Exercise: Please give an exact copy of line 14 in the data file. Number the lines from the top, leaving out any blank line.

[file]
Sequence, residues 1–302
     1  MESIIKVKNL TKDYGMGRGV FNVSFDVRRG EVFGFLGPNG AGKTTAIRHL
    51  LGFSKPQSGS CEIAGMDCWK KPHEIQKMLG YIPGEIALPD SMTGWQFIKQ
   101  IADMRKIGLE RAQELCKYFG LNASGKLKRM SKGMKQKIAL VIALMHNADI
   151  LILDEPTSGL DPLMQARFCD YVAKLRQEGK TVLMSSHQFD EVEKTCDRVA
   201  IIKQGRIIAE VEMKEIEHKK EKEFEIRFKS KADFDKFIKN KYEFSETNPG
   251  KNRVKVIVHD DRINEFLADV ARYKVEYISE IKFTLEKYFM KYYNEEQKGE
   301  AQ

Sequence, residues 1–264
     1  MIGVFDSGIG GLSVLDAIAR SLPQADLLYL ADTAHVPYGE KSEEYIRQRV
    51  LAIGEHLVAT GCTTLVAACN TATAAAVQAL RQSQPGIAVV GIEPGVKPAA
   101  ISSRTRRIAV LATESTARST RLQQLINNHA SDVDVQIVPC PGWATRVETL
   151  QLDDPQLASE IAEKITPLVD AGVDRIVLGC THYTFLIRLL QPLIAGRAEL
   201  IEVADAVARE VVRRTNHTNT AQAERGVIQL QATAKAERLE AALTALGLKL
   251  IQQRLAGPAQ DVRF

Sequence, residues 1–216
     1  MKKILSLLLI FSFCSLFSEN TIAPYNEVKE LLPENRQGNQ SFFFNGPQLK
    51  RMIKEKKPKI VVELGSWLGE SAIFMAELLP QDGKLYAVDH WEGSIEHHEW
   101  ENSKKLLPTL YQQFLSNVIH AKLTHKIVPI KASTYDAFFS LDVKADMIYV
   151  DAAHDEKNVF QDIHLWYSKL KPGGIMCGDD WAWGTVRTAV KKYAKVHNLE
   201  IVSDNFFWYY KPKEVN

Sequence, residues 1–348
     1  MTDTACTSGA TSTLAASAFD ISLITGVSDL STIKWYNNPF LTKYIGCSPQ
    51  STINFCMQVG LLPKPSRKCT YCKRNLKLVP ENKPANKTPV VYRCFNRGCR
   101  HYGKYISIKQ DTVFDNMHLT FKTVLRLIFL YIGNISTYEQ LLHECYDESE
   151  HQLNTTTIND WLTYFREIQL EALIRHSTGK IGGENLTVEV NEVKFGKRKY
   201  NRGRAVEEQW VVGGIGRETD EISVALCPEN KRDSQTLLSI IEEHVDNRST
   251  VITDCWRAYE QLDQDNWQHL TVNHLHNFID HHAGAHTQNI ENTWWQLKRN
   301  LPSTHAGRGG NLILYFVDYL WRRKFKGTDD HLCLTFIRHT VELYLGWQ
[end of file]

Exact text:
   201  IEVADAVARE VVRRTNHTNT AQAERGVIQL QATAKAERLE AALTALGLKL